Afterwards, your best bet is to settle down in one of the many cantinas around the plaza, where you can order a tequila and watch the mariachi ply their trade. For dinner, you should try the one and only Pujol, one of the world’s most highly rated restaurants and the best fine dining anywhere in Mexico. If you didn’t book a table six months ago, don’t worry: Hacienda de Los Morales has you covered.

Day Two: The Pyramids

The ancient city of Teotihuacan is more than 2,000 years old.

Get up early on your second day, and take the bus out to Teotihuacan from the northern terminal (reachable by subway). This ancient city makes the Templo Mayor look young. At least 2,000 years old, Teotihuacan inspired later civilizations, most notably the Aztecs. Dedicate at least half a day here, and don’t forget to climb the pyramids for that signature photo opportunity.

In the afternoon, it’s time to visit Coyoacan, Mexico City’s trendiest neighborhood. The main plaza is a delightful spot for an afternoon ice cream, and is ringed by restaurants serving up classic/modern fare. Check out the market just off the plaza for a bit of souvenir shopping, before heading over to Cayoacan’s biggest attraction: the Frida Kahlo Museum. Rivera’s legendary lover is likewise beloved by all Mexicans, and was an astounding artist in her own right. Her house offers bittersweet juxtaposition between Kahlo’s painful, sickly life and her colorfully wild imagination. History buffs should also walk a few blocks to the preserved home/fortress/museum of one of Kahlo’s other celebrity lovers, Soviet dissident Leon Trotsky. Visitors can stand in the very spot where Trotsky was famously stabbed to death by an ice pick-wielding Soviet assassin.

For dinner, pick any of the lively restaurants around Coyoacan. The adventurous diner must pay a visit to La Casa de los Tacos, a local favorite that specializes in edible insects such as crunchy chapulines (grass hoppers), fried cocopaches (beetles) and gusanos de maguey (agave worms). They also do great beef and chicken tacos, though vegetarian options are few and far between.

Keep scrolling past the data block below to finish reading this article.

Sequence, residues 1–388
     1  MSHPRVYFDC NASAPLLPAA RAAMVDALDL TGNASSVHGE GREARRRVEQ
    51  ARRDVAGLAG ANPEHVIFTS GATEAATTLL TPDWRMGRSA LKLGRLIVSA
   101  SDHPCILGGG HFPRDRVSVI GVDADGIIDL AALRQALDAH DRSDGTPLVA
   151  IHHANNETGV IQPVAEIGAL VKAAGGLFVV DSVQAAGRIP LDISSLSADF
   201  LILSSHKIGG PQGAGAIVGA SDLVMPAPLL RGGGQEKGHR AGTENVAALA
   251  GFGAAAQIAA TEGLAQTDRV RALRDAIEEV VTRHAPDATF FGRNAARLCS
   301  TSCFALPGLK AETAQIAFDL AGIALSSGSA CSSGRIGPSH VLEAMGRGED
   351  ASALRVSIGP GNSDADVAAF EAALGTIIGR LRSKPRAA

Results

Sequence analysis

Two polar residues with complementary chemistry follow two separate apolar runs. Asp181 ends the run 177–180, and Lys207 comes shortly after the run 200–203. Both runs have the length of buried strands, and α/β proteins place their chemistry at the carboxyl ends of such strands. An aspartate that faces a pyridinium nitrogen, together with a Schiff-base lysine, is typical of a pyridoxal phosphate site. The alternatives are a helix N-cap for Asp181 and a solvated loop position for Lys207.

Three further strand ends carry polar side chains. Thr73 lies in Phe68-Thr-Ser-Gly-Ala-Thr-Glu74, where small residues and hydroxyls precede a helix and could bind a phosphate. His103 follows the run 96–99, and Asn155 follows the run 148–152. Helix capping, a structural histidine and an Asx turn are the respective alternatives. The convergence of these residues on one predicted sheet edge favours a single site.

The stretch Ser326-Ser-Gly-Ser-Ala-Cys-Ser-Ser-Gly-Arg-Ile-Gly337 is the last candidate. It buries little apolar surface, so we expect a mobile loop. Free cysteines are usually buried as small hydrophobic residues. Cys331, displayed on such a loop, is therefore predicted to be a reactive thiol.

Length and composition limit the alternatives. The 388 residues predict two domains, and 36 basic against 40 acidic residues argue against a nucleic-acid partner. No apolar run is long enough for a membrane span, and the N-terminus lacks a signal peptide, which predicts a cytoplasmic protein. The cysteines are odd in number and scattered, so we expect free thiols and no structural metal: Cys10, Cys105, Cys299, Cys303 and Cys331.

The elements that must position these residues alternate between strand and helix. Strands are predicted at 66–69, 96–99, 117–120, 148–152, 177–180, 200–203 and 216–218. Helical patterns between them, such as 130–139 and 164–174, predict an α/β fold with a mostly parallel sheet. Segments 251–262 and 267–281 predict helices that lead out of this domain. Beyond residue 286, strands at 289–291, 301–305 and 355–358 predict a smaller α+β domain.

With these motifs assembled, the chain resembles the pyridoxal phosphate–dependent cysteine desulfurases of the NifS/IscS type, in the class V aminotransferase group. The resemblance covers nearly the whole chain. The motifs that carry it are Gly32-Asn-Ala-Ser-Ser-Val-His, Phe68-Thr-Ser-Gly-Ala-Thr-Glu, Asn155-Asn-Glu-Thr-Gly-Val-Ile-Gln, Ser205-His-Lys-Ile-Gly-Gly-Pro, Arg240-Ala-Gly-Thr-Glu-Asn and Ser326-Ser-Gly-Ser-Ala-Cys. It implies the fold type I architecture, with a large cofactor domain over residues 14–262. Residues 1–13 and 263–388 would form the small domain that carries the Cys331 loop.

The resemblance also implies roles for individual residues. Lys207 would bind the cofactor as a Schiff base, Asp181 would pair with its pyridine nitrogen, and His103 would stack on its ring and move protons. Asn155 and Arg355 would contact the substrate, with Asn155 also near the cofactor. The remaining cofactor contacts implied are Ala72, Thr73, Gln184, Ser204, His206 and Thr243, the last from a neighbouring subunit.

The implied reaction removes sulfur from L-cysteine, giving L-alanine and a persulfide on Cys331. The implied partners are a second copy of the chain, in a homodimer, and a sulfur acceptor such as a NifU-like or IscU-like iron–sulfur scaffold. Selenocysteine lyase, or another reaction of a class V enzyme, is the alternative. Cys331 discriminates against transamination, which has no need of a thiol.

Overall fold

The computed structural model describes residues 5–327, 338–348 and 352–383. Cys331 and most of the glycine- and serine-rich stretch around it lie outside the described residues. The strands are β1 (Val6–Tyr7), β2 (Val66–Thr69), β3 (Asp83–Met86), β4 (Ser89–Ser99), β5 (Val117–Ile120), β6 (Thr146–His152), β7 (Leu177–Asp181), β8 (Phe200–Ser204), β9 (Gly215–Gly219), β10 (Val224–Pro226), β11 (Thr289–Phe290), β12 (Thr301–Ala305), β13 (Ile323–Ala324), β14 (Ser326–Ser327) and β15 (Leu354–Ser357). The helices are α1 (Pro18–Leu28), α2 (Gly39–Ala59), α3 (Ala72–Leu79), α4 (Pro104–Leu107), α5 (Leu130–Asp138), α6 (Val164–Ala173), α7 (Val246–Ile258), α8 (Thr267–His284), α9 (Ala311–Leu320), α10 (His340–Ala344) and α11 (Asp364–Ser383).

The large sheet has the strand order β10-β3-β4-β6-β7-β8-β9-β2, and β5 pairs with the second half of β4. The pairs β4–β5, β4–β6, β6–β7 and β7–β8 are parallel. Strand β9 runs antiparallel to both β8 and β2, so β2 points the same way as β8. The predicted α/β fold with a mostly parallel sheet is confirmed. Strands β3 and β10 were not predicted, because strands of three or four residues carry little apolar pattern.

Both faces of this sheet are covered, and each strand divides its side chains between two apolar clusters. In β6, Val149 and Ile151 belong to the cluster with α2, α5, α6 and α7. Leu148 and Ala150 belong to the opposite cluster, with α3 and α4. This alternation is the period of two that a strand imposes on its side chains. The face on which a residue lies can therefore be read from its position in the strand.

Day Three: Xochimilco

Make sure to take a trip out to Xochimilco, also known as the Mexican Venice.

Your third day will be dominated by a trip out to Xochimilco, a.k.a., Mexican Venice. A cruise down the canals in a colorful trajinera boat is pretty much mandatory, but go in a group and bargain hard. Make sure to stop at the extraordinarily creepy Isla de las Munecas (Doll Island). Afterwards, pay a visit to the 16th-century Church of San Bernardino de Siena, or hit up the severely underrated Dolores Olmedo Museum for its pre-Hispanic art.

Xochimilco will almost certainly take up most of the day, but do yourself a favor and make time for the National Museum of Anthropology. Located in the lively Chapultepec park, the museum is arguably the best anywhere in Latin America. Even if you hate museums, this place is a non-negotiable must-see. Ideally, you need an entire day here, but at least set aside an afternoon.

If you’re feeling tired at this point, then maybe you just need to get your blood pumping — and there’s no better place to get your heart pounding than the Lucha Libre. Again, even if you despise wrestling, you’ll still love the Lucha Libre for its drama, the screaming crowds and the exhilarating atmosphere. Afterwards, do as Mexicans do and get yourself a drink at the rustic yet lively Cantina El Tio Pepe — you’ve earned it.

— Ryan Mallett-Outtrim